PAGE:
Titles: World lightweight champion 1943, 1944-1947 Record: 75-19-3 Born: Febuary 10, 1919 in Sumter, South Carolina (USA) Years active: 1938-1950 Nickname: The Bobcat Montgomery is a boxer who if he had used all his skills might have been a legendary boxer instead of a great boxer. In a era of great boxers in his weight class he stood out as one of the toughest along with Ike Williams and Beau Jack. They made up a iron triangle of top flight lightweights that could have been champions in any era and who dominated the very good crop of talent of the time. Bob had extraordinary handspeed and could maneuver in the ring with the best of them, his problem might have been that he also had a great chin. This allowed him to easily be drawn into brawls instead of outboxing his foes, of course his style also made him a fan favorite and thus allowed him to earn more money. This was the trade of the naturally smooth boxer who had a aggressive streak in him made willingly. It is a testament to his ability that he would still win many fights when he did not employ his best skills. Bob also had a tendency to start slowly building momentum as the fight wore on, and his opponents wore down. Montgomery got his nickname of "The Bobcat" from a Philadelphia sportswriter because Bob continually moved forward pawing and striking at his foes. At the tender age of 21 he was already mixing it up with former world champions Lew Jenkings and Sammy Angott. Montgomery should also be applauded for not quitting after losing his first two title shots and plugging away to get back into the title mix. Montgomery was born in South Carolina and after little schooling and a lot of manual labor left his home at age 15 to find his brother who had moved to Philadelphia a year earlier. Montgomery began to box almost at the moment he arrived and fell under the management of Joe Gramby, one of the first influential black managers on the East Coast. At 5 foot 8 inches tall Montgomery used his size and skills to run up a Amateur Record of 32-2. Starting his pro career in the talent rich city of Philadelphia provided him with many learning experiences which were used to carry him to future titles. But the skills Montgomery displayed set him apart even in his early fights and he quickly moved up the rankings in the prestigious "The Ring" magazine rankings. In his first year as a pro he went 6-0 and only one of his foes lasted the distance. 1939 saw Montgomery fight in 19 bouts, which included 1 draw (later avenged) against George Zenegaras and a disputed loss to Tommy Spiegel. All fights were held in Philadelphia or Atlantic City where Montgomery had now build a large following. After 2 years Montgomery was 23-1-1 with 17 knockouts to his credit. His third year saw a decided step up in competition and it showed,in 7 fights Bob went 3-2-2 but his wins over Al Nettlow and Jimmy Vaughn showed Bob could compete at the world level. It is those wins that also earned him his first title shot, which came against Lew Jenkings. All of these fight came within his first 3 years of turning pro! These accomplishments had him ranked as a top lightweight contender for the year of 1941 by "The Ring" magazine even after losing the two title shots. And 1941 would arguably be the best year of Montgomery's career which included a title win. It began with 4 wins over good competition and culminated with a title shot rematch against Lew Jenkings. After winning the title Bob ran of 9 more (no-title) fights in 1941 against admittedly weak opposition. This was done to fatten up his bank account after years of taking the short end of purses. 1942 saw Montgomery come face to face again with a man he just could not beat.... Sammy Angott. He met Angott in his second fight of the year and first title defense and had already lost to Angott a year earlier. Angott was a clever boxer whose nickname of "The Clutch" came because he persisted on clutching his opponent so often following clean punches that Angott had landed. This frustrated Montgomery a lot and had him looking to land one big punch, which never came. 2 distance fight wins after his loss to Angott would earn Montgomery a rematch with Sammy Angott. The same result ensued as Montgomery was once again frustrated over 12 rounds. The year ended with a win over Bobby Ruffin and a inexplicable loss to Max Shapiro which was avenged two months later the same way he lost...... via 10 round decision. 1943 saw Montgomery match his 1941 heroics with 5 wins over good opposition, the most notable a 10 round win over Lulu Constantino which afforded Montgomery a lightweight title shot. This came at his New York City rival's hometown and Jack was considered a 3 to 1 favorite. Montgomery dominated the fight after getting rocked in the opening round and showed how good he could have been if had boxed his whole career. Bob skillfully countered the attacks of Jack with combination punches from angles. Jack continually pressed the action but could never connected cleanly or get out of the way of the counter punches. The fight ended with Jack's eyes swollen shut and his lip badly disfigured. In a ironic twist the favorite would loose every bout. This was the beginning of a 4 fight series that might the best friendly rivalry in all of lightweight history. 4 wins followed the victory with the most notable coming over Fritzie Zivic. The end of the year saw Montgomery facing off with Beau Jack again as a 4 to 1 favorite. In the rematch the heavily favored Montgomery traveled to New York City to meet Jack who was bolstered by his home town crowd. Jack won the early rounds with pressure and pushing Montgomery into the corners. But Montgomery launched a furious rally in the 10th, 11th and 12th rounds and was thought a bit unlucky by some to loose the 15 round fight via split decision. The decision however was judged to be fair by most ringsiders even though he floored Jack twice, in our era of 10-8 scoring instead of rounds scoring it might have made the difference in Montgomery retaining a title. Two wins would open 1944 including what was perhaps the best win of Bob's career when he dominated future champ and Hall of Fame boxer Ike Williams over 12 brutally one sided rounds. Montgomery felt so sure of a win that he bet $1,000 on himself. It was a loss that Ike Williams took personally, and he held a grudge towards Montgomery in the years to come feeling that Montgomery had unnessaceraly extended the fight. Maybe Bob was feeling full of himself after the great win over Ike Williams and overlooked his next opponent. As a results he was knocked out in the first round by self proclaimed streetfighter Al "Bummy" Davis in just 63 seconds of the first round. In that 63 seconds Williams was down twice. Davis was by no means championship material but he had the reputation as a knockout puncher which Montgomery obviously did not pay attention to. Davis had previously knocked out the great Tony Canzoneri, and was the only man to ever do so. Beau Jack perhaps feeling the Davis KO of Montgomery signaled a decline of Montgomery signed to meet Bob for a third time. Two weeks after the Davis knockout Montgomery stepped through the ropes to meet his nemesis Beau Jack again. Before a packed house of 19,066 at Madison Square Garden Montgomery won a 12 round split decision. The rematch with Montgomery again went 15 rounds but this time Beau Jack was the crisper fighter and his offensive style won the judges favor and his crown back. Unlike the first fight Jack did not tire in the later rounds. A easy win over Joey Peralta would lead to a another showdown with Beau Jack, this time in a non title bout. In his 4th fight with Beau Jack, Montgomery would loose a 10 round decision. It was the dullest of the 4 fight series and ended their 55 rounds of boxing against each other. The fight was basically a wrestling and mauling match. Montgomery forced his way past the jabs of Jack (when he did try to box) to tear down the midsection of Jack. Again Beau Jack faded late and Montgomery won a very close decision. The fight produced $35,864,00 in sales of war bonds at the arena, a record not even Joe Louis fights could equal! After the fight Montgomery (on the same day as Beau Jack) was called into the U.S Army and spent most of his 7 months in the Army performing in exhibition fights in aid of the war troops and to earn money for war bonds. In 1945 Montgomery after he had been released from the army he traveled to the West Coast for fights. He was rudely received by Nick Moran in his third fight on the West Coast, Moran outpointed him over 10 rounds. The loss was quickly avenged two months and 1 day later. But there seemed little doubt that Montgomery for some reason was no longer on top of his skills. A 4 fight wining streak in 1946 lead to a Allie Stolz fight in New York City in which Montgomery retained his title via a 13 round knockout. Over the next two years Montgomery fought 10 times with success but his skills were eroding to the point where he suffered two unexpected losses, one to Wesley Mouzon (avenged via KO) and Tony Pellone (his first time at the 140 pound weight limit), both were capable boxers but Montgomery was the favorite in both fights. On a side not Mouzon fought the two fights with Montgomery with a detached retina. Any doubts about the fading skills of Montgomery were put to rest when Ike Williams brutally sent Montgomery into a fistic spiral at Philadelphia's Municipal Stadium in front of 30,500 fans. It was Montgomery's biggest payday as he walked away with a $47,000 paycheck but the physical punishment he absorbed was incalculateble. The fight was still a pick' em fight even though most saw Williams as a fading star. For two rounds of the fight Montgomery looked the faster man, after 5 rounds the fight was actually pretty even as Montgomery seemingly found a reserve of youth. In the 6th round however Williams knocked Montgomery down twice and the referee was forced to stop the fight. The bout up until that point however was wildly exciting with both men taking the initiative and was voted one of the 20 greatest fights of all time in a 1981 "The Ring" magazines poll of experts. After the fight Ike Williams was still mad at over his previous loss to Montgomery (where he thought Montgomery had needlessly punished him) and stated "I didn't get him as good as I wanted to. I wanted to murder him, he's no bleeding good." Montgomery would not win another fight after the brutal loss to Williams, going 0-6 in comeback fights against weak foes. Still the last 6 fights should not be held against Williams when looking over his entire fistic career. In 1950 Montgomery retired from boxing with some Philadelphia properties and tons of memories to show for his career. But over the years Montgomery would loose all his assets to a gambling habit and would go back to work as a salesman. In the 1970's Montgomery would again give back to his community by counseling street gang members for the city of Philadelphia. In 1995, Montgomery was inducted into the International Boxing Hall of Fame. Montgomery died 3 years later on August 25th, 1998 of a heart attack in his adoptive hometown of Philadelphia Pa.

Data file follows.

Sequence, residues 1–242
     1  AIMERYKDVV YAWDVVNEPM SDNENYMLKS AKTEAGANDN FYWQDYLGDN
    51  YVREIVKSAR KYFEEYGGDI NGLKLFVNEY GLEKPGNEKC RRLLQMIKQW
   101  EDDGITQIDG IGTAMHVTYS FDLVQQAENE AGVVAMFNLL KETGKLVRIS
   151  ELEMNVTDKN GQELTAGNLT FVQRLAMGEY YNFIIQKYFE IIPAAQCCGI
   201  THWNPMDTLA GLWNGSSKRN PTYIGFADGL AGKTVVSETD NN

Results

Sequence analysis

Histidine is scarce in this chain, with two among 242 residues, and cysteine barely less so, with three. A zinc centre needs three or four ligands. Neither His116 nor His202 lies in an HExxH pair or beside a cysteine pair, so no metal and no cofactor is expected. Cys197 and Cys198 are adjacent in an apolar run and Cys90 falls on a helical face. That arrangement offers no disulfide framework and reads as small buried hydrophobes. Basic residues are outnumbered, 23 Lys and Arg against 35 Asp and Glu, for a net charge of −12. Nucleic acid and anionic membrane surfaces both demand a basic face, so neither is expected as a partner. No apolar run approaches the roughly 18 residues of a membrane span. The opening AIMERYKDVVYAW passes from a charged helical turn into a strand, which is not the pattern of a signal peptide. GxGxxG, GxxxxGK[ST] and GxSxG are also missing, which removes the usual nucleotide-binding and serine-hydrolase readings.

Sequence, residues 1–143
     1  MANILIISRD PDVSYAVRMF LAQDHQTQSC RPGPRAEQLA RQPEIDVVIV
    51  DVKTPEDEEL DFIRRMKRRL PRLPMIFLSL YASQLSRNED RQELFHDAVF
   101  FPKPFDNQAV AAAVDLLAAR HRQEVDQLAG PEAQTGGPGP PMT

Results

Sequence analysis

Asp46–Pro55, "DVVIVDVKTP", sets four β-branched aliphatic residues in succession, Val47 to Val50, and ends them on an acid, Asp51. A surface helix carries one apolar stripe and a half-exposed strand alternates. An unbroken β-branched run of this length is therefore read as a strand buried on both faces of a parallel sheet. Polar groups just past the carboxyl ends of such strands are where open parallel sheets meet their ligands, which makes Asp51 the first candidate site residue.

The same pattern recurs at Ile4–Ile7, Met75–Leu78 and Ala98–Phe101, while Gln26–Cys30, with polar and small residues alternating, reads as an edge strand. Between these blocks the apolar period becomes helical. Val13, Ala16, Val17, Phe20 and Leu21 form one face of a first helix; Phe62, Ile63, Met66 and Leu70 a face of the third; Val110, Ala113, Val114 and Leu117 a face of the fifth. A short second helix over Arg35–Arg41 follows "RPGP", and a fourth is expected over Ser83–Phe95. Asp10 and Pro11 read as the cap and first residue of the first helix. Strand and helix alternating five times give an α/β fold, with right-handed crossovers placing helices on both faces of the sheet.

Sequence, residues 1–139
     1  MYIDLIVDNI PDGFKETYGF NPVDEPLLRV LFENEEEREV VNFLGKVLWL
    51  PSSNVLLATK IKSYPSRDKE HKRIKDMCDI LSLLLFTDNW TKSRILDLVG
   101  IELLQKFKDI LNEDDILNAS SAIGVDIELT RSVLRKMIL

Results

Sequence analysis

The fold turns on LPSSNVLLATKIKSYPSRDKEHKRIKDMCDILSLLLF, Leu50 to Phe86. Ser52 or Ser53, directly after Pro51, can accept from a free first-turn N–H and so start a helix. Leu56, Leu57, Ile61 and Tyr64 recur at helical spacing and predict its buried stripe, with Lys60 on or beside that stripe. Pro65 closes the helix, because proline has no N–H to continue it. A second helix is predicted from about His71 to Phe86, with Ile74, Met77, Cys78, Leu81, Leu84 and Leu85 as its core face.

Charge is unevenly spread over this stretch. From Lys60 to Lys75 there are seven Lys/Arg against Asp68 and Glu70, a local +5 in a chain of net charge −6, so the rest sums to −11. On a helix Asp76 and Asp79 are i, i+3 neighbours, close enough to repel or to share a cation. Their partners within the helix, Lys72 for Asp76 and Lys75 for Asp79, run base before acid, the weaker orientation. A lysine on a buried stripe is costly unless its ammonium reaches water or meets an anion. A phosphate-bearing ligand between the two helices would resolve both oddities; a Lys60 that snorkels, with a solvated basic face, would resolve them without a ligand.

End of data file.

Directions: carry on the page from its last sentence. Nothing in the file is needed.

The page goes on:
-1938- Oct 23 Johnny Buff Atlantic City KO 2 Oct 27 Pat Patucci Atlantic City KO 2 Nov 4 Eddie Stewart Philadelphia KO 2 Nov 10 Joe Beltrane Atlantic City KO 3 Nov 17 Red Rossi Atlantic City KO 2 Dec 8 Jackie Shepard Atlantic City W 8 -1939- Jan 19 Harvey Jacobs Atlantic City KO 1 Feb 2 Charley Burns Atlantic City W 8 Feb 23 Jay Macedon Atlantic City W 8 Mar 9 Billy Miller Atlantic City KO 2 Mar 16 Frankie Saia Philadelphia KO 4 Mar 30 Benny Berman Atlantic City W 8 Apr 13 Young Raspi Atlantic City KO 6 Apr 20 Eddie Guerra Atlantic City W 8 May 1 George Zengaras Philadelphia D 10 May 23 Norment Quarles Philadelphia KO 4 Jun 15 Charley Burns Atlantic City KO 2 Jun 21 Tommy Rawson Philadelphia KO 1 Jul 3 Frankie Wallace Philadelphia W 10 Aug 14 Jimmy Murray Philadelphia KO 3 Aug 24 Ray Ingram Atlantic City W 10 Oct 5 Charley Gilley Atlantic City KO 6 Oct 23 Mike Evans Philadelphia W 10 Nov 10 Tommy Spiegel Philadelphia L 10 Nov 17 Mike Evans Philadelphia KO 1 -1940- Jan 29 Al Nettlow Philadelphia D 10 Mar 11 Al Nettlow Philadelphia W 10 Jun 3 Al Nettlow Philadelphia W 12 Jul 5 Jimmy Vaughn Atlantic City KO 2 Sep 16 Lew Jenkins Philadelphia L 12 Nov 7 Norment Quarles Atlantic City D 10 Nov 25 Sammy Angott Philadelphia L 10 -1941- Jan 29 Julie Kogon Brooklyn W 8 Feb 7 Al Nettlow New York W 8 Mar 3 George Zengaras Philadelphia KO 3 Apr 28 Nick Peters Philadelphia KO 3 May 16 Lew Jenkins New York W 10 Jun 16 Manuel Villa Baltimore KO 1 Jun 30 Wishy Jones Washington DC KO 6 Jul 3 Frankie Wallace Atlantic City KO 3 Jul 14 Luther "Slugger" White Baltimore W 10 Sep 8 Mike Kaplan Philadelphia W 10 Oct 10 Davey Day Chicago KO 1 Oct 24 Julie Kogon Chicago W 10 Oct 30 Frankie Wallace Williamsport, PA KO 5 Dec 8 Jimmy Garrison Philadelphia KO 4 -1942- Jan 5 Mayon Padlo Philadelphia KO 8 Mar 6 Sammy Angott New York L 12 Apr 20 Joey Peralta Philadelphia W 10 May 8 Carmen Notch Toledo, OH W 10 Jul 7 Sammy Angott Philadelphia L 12 Aug 13 Bobby Ruffin New York W 10 Oct 6 Maxie Shapiro Philadelphia L 10 Dec 1 Maxie Shapiro Philadelphia W 10 -1943- Jan 8 Chester Rico New York KO 8 Feb 22 Lulu Constantino Philadelphia W 10 Apr 5 Ramon Alvarez Philadelphia KO 4 Apr 30 Gene Johnson Scranton, PA W 10 May 3 Henry Vasquez Holyoke, MA W 8 May 21 Beau Jack New York W 15 (Wins New York State Lightweight Title) Jul 4 Al Reasoner New Orleans KO 6 Jul 30 Frankie Wills Washington DC W 10 Aug 23 Fritzie Zivic Philadelphia W 10 Oct 25 Petey Scalzo Philadelphia KO 6 Nov 19 Beau Jack New York L 15 (Loses New York Lightweight Title) -1944- Jan 7 Joey Peralta Detroit W 10 Jan 25 Ike Williams Philadelphia KO 12 Feb 18 Al Davis New York KO by 1 Mar 3 Beau Jack New York W 15 (Regains New York Lightweight Title) Apr 28 Joey Peralta Chicago W 10 Aug 4 Beau Jack New York L 10 -1945- Feb 13 Cecil Hudson Los Angeles W 10 Mar 20 Gennaro Rojo Los Angeles KO 8 May 8 Nick Moran Los Angeles L 10 Jul 9 Nick Moran Philadelphia W 10 -1946- Feb 3 Bill Parsons New Orleans W 10 Feb 15 Leo Rodak Chicago W 10 Mar 8 Tony Pellone New York W 10 Mar 21 Ernie Petrone New Haven, CT KO 4 Jun 28 Allie Stolz New York KO 13 (Retains New York Lightweight Title) Jul 29 George LaRover Springfield, MA W 10 Aug 19 Wesley Mouzon Philadelphia KO by 2 Nov 26 Wesley Mouzon Philadelphia KO 8 (Retains New York Lightweight Title) -1947- Jan 20 Eddie Giosa Philadelphia KO 5 Feb 7 Tony Pellone Detroit L 10 Feb 25 Joey Barnum Los Angeles KO 7 Mar 31 Jesse Flores San Francisco KO 3 May 12 George LaRover Philadelphia W 10 Jun 2 Julie Kogon New Haven, CT W 10 Jun 9 Frankie Cordino Springfield, MA W 10 Aug 4 Ike Williams Philadelphia KO by 6 (Loses NY, For NBA and World Lightweight Titles) Nov 24 Livio Minelli Philadelphia L 10 Dec 22 Joey Angelo Boston L 10 -1948 to 1949- Inactive -1950- Feb 3 Aldo Minelli Washington DC L 10 Feb 27 Johnny Greco Monreal L 10 Mar 9 Don Williams Worcester, MA L 10 Mar 27 Eddie Giosa Philadelphia L 10